I came across this puzzle-like endgame study. Usually, opposite color bishops are draw-ish. Here's an absolutely extraordinary counter-example. Enjoy!

Chess Endgame

White to play and mate in 8.

Source: Winning Chess Endgames: Just the Facts!


This is beautiful.

I think we start with:

1. Bf2+ Kh5
2. g4+ Kh6
3. Kf6 Kh7(if 3... Bh7 then 4. Be3#)
4. g5 Kh8

At this point,

Black is in perpetual zugzwang. Black can only move its king around h7 and h8. So, our aim has to be to somehow get a check while covering the g7 square with our king. Currently, Black's f pawn covers the g6 square which renders our king pretty much stuck at f6. If we move the king away from f6, then black can run away with Kg7, Kf8, etc. Since White has a dark-squared bishop, they have to make sure they time the check such that the White king is on g6.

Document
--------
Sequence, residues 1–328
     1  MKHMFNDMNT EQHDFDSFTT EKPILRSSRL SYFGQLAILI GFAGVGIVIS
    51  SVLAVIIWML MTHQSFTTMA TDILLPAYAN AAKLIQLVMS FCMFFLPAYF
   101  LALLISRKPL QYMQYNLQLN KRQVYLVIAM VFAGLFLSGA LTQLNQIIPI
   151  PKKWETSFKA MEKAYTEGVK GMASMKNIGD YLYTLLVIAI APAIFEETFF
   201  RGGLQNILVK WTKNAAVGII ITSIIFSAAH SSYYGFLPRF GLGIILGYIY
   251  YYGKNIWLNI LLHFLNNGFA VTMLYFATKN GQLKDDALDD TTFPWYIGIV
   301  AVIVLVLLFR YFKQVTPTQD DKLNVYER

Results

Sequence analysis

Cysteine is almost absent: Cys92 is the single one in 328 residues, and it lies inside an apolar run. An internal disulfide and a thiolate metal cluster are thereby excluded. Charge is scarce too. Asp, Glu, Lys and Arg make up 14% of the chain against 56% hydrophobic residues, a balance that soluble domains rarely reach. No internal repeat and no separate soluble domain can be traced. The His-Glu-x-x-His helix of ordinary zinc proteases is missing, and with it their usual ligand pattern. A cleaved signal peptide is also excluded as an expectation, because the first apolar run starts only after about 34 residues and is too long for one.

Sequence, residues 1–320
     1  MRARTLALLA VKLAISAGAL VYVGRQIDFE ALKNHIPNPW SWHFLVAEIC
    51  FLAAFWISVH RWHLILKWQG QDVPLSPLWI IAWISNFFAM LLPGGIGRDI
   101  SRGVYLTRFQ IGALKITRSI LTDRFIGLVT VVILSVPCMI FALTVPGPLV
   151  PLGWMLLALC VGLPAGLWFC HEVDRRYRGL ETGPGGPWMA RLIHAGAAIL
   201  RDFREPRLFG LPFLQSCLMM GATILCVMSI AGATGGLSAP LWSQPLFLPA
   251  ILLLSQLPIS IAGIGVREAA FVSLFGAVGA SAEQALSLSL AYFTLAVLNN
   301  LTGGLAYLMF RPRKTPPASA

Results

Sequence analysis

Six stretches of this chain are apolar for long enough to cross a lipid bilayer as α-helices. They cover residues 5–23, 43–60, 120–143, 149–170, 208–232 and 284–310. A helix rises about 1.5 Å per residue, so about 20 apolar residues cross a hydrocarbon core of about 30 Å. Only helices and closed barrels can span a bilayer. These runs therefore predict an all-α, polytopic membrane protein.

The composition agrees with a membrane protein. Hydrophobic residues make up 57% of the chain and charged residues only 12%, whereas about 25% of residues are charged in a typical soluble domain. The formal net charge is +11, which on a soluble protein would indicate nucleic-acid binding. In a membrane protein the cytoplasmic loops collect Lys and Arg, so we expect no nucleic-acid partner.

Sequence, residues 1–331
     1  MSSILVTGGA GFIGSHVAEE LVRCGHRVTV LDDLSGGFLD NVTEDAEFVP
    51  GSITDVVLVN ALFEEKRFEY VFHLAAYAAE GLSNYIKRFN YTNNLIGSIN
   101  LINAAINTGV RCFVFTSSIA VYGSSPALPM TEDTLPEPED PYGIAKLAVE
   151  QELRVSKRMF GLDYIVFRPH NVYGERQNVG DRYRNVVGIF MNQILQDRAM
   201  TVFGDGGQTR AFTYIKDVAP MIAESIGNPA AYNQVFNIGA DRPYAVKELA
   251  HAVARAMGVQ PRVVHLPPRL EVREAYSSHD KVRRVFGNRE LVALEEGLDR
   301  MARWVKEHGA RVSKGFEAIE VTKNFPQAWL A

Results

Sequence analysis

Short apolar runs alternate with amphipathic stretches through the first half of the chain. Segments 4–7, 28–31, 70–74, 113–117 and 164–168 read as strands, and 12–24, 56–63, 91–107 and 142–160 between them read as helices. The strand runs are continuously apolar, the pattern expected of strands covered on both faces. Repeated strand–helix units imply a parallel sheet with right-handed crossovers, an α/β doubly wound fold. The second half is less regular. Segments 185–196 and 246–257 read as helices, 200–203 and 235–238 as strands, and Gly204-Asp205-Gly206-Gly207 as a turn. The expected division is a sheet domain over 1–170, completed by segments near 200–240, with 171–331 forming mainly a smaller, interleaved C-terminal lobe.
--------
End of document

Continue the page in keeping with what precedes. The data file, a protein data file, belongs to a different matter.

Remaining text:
The next move:

5. Bd4 Kh7

Where do we stand?

White's bishop eyes the h8 square. Black has no other moves. It has to keep shuffling its king between h7 and h8. Currently, the Black king is on h7. The next move, it will be on h8. Thus, White can get its check when Black's king is on h8. Thus, White will have to lose a tempo.

Next move:

6. Be5(!) Kh8


White deliberately loses a tempo for Black's king to be in the perfect position for the mating net.

Now for the finishing touch:

7. g6 fxg6 (7... Bh7 8. Kxf7#)
8. Kxg6#

Final position:

enter image description here

  • $\begingroup$ Great job. +1 for now and tick to follow shortly. It doesn't make much difference, but there's another option for black on move 7. $\endgroup$
    – Dr Xorile
    Jan 28 at 23:24
  • $\begingroup$ @DrXorile Right. Edited in that part. $\endgroup$
    – Sid
    Jan 29 at 6:23
  • 1
    $\begingroup$ Thanks. Beautifully answered. I really appreciate the breakdown of the logic rather than just a bunch of moves $\endgroup$
    – Dr Xorile
    Feb 1 at 21:16

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